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I am a new to electronics. I am trying to setup the radio control for the arduino. I hooked up the Reciever's Channel 1 to the Arduino Mega 2560's Digital pin 2, Reciever Vin to Arduino 5V, and Ground to Ard Ground. Here is my Source Code.

void setup() {
        Serial.begin(9600);
        attachInterrupt(0 , blink, CHANGE);
     }

void loop() {
   Serial.println("I AM IN THE LOOP");        

}


void blink()
{

     Serial.println("I AM IN THE INTERRUPT");  
}

I tried using other interrupt pins,3.3 V instead of 5 and also tried Arduino Uno and differnt kinds of Interrupt Values like RISING, LOW and FALLING but it constantly prints " I AM IN THE INTERRUPT" without me touching the transmitter. Any suggestions.

[UPDATE] After a great deal of discussion on http://forum.arduino.cc/index.php?topic=184283.0 I came to this conclusion. Radio generates PWM signal .. If you have an interrupt pin connected to a channel. It will interrupt regardless of what you do because it is constantly generating a PWM. So I am leaning towards interrupt is not a good idea for radio control.

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  • \$\begingroup\$ What kind of receiver are you using? Some of the cheap OOK receiver modules will receive junk the whole time there's not a carrier. \$\endgroup\$ – PeterJ Aug 24 '13 at 4:42
  • \$\begingroup\$ Yes it is a hobbyking T6A V2 6 channel reciever 30 dollar kit. \$\endgroup\$ – Rabin Aug 24 '13 at 14:39
  • \$\begingroup\$ I don't know if this is the right way to check ,, But when I check the data line of the reciever, the Voltage is 0.27 constant, On change of the transmitter handle the voltagegoes to 0.32/ 0.22. So I don't think there is any junk. Or what do you think? – Rabin 52 mins ago \$\endgroup\$ – Rabin Aug 24 '13 at 15:58
  • \$\begingroup\$ If I'm not mistaken - this is a model aircraft remote. The receiver drives "servos" directly - it is not a logic on/off output. It provides a PWM type output that controls a servo with a varying frequency pulse stream. You would have to decipher the output as such - not by sampling for logical on/off. \$\endgroup\$ – Ron J. Aug 24 '13 at 20:48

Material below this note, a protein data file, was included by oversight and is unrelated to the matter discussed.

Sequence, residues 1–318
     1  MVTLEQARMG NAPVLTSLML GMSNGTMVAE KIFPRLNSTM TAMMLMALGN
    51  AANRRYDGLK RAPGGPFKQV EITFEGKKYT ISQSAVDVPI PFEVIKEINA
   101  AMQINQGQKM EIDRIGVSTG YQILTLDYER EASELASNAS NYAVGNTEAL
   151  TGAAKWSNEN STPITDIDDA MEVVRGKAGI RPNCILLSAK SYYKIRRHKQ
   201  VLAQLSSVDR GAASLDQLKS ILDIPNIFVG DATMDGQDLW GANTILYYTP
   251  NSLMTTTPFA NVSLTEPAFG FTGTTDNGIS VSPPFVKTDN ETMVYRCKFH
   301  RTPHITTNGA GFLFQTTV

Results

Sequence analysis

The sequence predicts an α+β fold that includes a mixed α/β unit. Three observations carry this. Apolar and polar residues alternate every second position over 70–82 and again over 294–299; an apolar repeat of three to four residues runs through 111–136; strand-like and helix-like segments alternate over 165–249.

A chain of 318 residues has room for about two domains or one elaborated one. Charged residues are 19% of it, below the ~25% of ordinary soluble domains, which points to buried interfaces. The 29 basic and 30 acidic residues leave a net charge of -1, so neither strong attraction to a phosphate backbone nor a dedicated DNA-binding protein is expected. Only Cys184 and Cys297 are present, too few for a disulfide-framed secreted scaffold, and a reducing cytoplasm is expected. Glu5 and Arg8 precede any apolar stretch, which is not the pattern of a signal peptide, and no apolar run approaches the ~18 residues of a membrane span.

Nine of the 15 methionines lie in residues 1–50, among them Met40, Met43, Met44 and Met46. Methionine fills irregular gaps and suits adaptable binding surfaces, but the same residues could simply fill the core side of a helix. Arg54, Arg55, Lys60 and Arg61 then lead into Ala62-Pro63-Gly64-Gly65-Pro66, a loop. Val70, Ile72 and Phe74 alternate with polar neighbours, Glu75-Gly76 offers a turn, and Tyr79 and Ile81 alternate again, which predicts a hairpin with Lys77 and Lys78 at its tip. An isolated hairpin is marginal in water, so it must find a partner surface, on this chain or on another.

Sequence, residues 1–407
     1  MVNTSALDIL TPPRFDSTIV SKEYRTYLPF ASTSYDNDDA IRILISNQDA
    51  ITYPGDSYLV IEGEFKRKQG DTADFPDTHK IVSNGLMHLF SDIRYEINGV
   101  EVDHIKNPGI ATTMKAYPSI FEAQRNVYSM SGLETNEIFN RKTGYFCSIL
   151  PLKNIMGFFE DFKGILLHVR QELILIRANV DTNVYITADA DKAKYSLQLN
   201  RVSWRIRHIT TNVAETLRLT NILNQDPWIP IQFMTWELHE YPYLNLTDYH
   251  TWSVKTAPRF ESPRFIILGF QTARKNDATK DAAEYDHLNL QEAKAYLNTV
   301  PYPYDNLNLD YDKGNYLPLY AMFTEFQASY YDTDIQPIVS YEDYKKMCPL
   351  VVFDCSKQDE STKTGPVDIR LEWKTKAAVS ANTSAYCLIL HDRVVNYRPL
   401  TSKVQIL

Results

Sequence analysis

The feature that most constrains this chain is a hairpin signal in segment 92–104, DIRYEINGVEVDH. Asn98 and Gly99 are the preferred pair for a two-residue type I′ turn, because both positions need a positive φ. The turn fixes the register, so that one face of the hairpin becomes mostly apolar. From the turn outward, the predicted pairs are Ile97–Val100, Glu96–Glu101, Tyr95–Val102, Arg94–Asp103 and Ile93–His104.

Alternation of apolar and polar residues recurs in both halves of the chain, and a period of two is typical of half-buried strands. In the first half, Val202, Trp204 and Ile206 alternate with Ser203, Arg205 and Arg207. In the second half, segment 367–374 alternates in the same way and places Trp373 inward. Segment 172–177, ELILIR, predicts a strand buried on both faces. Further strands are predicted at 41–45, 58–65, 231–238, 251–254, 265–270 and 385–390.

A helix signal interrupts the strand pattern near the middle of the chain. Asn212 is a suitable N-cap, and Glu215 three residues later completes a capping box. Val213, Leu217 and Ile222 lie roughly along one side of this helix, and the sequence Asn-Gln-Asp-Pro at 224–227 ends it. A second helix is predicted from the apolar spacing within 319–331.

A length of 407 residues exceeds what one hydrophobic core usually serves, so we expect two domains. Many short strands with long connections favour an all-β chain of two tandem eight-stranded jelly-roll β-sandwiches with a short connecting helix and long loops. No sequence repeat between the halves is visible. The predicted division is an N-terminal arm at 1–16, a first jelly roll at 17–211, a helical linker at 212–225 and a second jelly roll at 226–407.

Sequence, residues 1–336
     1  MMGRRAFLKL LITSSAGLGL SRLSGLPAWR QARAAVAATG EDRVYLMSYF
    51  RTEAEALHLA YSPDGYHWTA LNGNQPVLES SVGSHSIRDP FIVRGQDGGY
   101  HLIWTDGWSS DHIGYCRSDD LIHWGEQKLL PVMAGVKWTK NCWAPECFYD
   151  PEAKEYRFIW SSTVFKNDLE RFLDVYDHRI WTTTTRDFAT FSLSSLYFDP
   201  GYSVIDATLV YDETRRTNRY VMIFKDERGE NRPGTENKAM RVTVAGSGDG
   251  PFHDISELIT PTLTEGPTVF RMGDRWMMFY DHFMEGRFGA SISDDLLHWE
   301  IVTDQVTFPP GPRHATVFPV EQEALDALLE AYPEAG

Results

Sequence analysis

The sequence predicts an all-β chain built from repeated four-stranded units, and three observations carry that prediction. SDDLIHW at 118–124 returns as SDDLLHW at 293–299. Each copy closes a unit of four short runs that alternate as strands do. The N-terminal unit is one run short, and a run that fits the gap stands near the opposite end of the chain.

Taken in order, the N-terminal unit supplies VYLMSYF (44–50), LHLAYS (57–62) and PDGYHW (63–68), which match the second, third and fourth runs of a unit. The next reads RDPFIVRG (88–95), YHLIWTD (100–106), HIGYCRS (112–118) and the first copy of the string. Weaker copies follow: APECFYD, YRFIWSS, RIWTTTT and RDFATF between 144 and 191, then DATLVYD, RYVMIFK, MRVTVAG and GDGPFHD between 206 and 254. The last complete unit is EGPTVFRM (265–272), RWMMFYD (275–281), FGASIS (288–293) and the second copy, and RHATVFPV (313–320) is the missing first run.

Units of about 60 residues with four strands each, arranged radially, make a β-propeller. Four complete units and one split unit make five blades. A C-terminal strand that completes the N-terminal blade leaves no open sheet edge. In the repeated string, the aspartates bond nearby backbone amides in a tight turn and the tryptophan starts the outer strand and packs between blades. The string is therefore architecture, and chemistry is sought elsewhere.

• \$\begingroup\$ Yes you are correct. \$\endgroup\$ – Rabin Aug 24 '13 at 20:50
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As you've determined that kind of receiver will have a PWM output to control a servo, the Wikipedia Servo Control article has some good information about it. If you wanted to use it anyway the normal neutral position will be 1.5mS so you could use something like the following code that uses the pulseIn function to treat a pulse of 1.75mS or longer as being on:

#define MY_PIN 0

void setup() {
    Serial.begin(9600);
    pinMode(MY_PIN, INPUT);
}

void loop() {
   if (pulseIn(MY_PIN, HIGH) >= 1750)
      Serial.println("TX on");        
}

Note that the typical period between pulses is 20mS so your code will be stalled in pulseIn for around that period. If that's a problem you could go back to using the interrupt and set it for CHANGE and keep track of the time between when the line goes high and low again. It would be something like the following untested code:

#define MY_PIN 0 // Make sure this matches the interrupt line
unsigned long start_micros = 0;
unsigned long last_duration = 0;

void setup() {
    Serial.begin(9600);
    pinMode(MY_PIN, INPUT);
    attachInterrupt(0 , PWM_handler, CHANGE);
}

void loop() {
   if (last_duration >= 1750)
      Serial.println("TX on");        
}

void PWM_hander()
{
    if (digitalRead(MY_PIN) == HIGH)
        start_micros = micros();
    else
        last_duration = micros() - start_micros;
}
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I am unsure if the receiver has an open collector output or not, but it is quite likely. I believe the interrupt pin is pin 2. Add a pinMode( 2 , INPUT_PULLUP ); before the attachInterrupt.

Also your interrupt routine may be a bit long (in duration). It is better to just flash LED on pin 13 or set a flag in the interrupt routine then do some smart stuff with that flag in the main loop.

You may want to check with an oscilloscope if the LED is constantly on or not.

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  • \$\begingroup\$ I tried the LED with the pinMode( 2 , INPUT_PULLUP ); The LED constantly flashes.. That means its still going in the interrupt \$\endgroup\$ – Rabin Aug 24 '13 at 15:05
  • \$\begingroup\$ Does the flashing stop if you disconnect pin 2? \$\endgroup\$ – jippie Aug 24 '13 at 15:08
  • \$\begingroup\$ Yes the flashing stops when I turn off my transmitter or disconnct pin 2 \$\endgroup\$ – Rabin Aug 24 '13 at 15:11
  • \$\begingroup\$ Then it seems an issue with the receiver, not with Arduino. \$\endgroup\$ – jippie Aug 24 '13 at 18:47

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